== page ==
Based on the channel estimates and the postulated (de-rotated) received signals, impairment characterization unit 140 characterizes the impairment component v_{G}(n) of the GMSK postulated received signal r_{G}(n) by determining spatial-temporal correlations between the I and Q components of the GMSK postulated received signal r_{G}(n). Similarly, impairment characterization unit 140 characterizes the impairment component v_{8}(n) of the 8PSK postulated received signal r_{8}(n) by determining spatial-temporal correlations between the I and Q components of the 8PSK postulated received signal r_{8}(n). Evaluation circuit 136 evaluates the characterized impairment components to identify the modulation type of the received signal r(n), as discussed further below.
To characterize the impairment components for each postulated received signal, impairment characterization unit 140 includes an l/Q splitter 142 and an interference reduction circuit/metric generator 144. Based on the channel estimates and the postulated received signals, I/Q splitter 142 separates at least a portion of each postulated received signal into their I and Q components. Interference reduction circuit/metric generator 144 characterizes the impairment components of the postulated received signals through the determination of the spatial and temporal correlations in the I and Q components.
Once the interference has been suppressed from the impairment components of the postulated received signals, interference reduction circuit/metric generator 144 generates a postulation metric for each postulated modulation type that quantifies the energy present in each impairment characterization. Evaluation circuit 136 compares the resulting postulation metrics to determine the modulation type of the received signal. In general, because lower impairment component energies signify better interference cancellation, evaluation circuit 136 identifies the postulated modulation type corresponding to the smallest postulation metric as the modulation type of the received signal.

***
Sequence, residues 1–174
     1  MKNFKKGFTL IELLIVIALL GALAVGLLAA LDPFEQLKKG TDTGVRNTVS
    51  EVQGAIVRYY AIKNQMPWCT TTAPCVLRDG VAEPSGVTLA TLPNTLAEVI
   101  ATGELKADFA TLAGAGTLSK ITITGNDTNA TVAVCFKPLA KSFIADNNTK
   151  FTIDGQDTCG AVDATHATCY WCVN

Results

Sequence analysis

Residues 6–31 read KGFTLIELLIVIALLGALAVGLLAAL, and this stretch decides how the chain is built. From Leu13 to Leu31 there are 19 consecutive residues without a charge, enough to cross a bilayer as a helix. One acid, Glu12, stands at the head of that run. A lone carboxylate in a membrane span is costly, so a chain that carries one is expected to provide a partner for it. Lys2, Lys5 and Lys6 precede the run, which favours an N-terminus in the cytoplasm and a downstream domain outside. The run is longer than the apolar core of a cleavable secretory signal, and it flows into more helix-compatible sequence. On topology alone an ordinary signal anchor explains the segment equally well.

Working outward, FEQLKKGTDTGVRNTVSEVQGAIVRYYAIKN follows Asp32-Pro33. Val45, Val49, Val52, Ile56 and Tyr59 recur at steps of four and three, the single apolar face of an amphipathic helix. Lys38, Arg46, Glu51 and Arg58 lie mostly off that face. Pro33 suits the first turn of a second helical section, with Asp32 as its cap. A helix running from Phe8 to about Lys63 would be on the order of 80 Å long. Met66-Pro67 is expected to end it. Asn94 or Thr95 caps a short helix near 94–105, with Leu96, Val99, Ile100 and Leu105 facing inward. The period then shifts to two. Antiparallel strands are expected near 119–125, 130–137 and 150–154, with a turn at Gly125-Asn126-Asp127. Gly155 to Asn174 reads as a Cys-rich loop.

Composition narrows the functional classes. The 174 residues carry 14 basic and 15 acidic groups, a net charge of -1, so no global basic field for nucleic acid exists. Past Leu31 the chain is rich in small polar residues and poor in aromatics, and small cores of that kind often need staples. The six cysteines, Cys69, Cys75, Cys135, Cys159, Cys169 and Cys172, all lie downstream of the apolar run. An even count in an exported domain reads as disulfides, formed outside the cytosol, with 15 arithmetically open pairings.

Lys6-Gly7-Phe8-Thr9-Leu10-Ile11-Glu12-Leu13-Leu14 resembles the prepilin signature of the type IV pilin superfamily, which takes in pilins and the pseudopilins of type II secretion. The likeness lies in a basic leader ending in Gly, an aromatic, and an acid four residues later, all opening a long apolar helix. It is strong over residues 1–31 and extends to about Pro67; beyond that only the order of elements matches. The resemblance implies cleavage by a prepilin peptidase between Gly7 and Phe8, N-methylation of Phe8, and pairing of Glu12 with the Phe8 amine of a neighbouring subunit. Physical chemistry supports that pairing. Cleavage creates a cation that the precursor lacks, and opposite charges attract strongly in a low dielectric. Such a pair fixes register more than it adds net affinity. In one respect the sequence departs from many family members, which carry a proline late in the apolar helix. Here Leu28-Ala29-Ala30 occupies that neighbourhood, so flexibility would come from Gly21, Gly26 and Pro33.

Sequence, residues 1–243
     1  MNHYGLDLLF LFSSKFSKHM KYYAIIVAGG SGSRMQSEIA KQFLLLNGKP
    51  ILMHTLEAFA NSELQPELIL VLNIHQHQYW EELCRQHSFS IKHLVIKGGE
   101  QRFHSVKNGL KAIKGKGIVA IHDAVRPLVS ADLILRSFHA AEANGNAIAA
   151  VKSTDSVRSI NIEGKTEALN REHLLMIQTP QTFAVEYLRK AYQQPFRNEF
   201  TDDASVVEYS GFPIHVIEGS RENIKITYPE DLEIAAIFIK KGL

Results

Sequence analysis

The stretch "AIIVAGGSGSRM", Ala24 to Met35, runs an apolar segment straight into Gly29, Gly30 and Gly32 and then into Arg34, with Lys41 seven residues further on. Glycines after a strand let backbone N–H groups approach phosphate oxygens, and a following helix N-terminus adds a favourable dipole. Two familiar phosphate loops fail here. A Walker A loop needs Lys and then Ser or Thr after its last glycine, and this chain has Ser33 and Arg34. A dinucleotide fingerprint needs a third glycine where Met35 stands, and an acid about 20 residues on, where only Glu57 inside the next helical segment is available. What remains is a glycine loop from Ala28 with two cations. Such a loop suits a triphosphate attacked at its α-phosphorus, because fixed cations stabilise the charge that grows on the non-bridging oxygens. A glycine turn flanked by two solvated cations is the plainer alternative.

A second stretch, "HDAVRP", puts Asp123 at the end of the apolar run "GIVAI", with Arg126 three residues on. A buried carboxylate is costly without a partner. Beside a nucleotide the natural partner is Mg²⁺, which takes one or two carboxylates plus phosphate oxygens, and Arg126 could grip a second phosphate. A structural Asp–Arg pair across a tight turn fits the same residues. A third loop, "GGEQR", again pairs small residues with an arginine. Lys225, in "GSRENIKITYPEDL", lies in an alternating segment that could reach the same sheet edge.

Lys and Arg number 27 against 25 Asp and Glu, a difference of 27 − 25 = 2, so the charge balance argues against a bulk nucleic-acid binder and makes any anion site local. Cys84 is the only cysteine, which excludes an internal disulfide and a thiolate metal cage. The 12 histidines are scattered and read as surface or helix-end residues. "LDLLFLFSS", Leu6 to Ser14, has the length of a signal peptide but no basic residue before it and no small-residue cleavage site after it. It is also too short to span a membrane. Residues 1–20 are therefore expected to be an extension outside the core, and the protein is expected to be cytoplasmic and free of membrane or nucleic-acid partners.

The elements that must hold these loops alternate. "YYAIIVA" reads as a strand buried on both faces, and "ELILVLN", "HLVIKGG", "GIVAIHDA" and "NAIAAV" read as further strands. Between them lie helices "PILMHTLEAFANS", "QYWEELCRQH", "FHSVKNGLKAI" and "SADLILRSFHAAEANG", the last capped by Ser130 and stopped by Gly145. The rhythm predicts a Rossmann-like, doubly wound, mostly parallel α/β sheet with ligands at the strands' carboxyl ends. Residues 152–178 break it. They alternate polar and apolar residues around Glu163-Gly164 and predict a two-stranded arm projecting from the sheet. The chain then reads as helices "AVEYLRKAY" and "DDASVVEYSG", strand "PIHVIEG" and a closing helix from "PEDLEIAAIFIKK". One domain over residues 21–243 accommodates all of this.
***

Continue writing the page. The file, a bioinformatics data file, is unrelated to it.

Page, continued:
An exemplary interference reduction circuit/metric generator 144 according to the present invention, shown in
In summary, blind detection circuit 130 characterizes an impairment component of the received signal for each postulated modulation type by using the spatial and temporal correlations between the I and Q components of each postulated received signal to reduce interference from the impairment component. By reducing interference from each characterized impairment component based on the spatial and temporal correlations, blind detection circuit 130 generates a postulation metric corresponding to each postulated modulation type, and identifies the modulation type corresponding to the best postulation metric as the modulation type of the received signal.
According to a first method 200, illustrated in
by π/2 (multiplier 202) to generate the GMSK postulated received signal: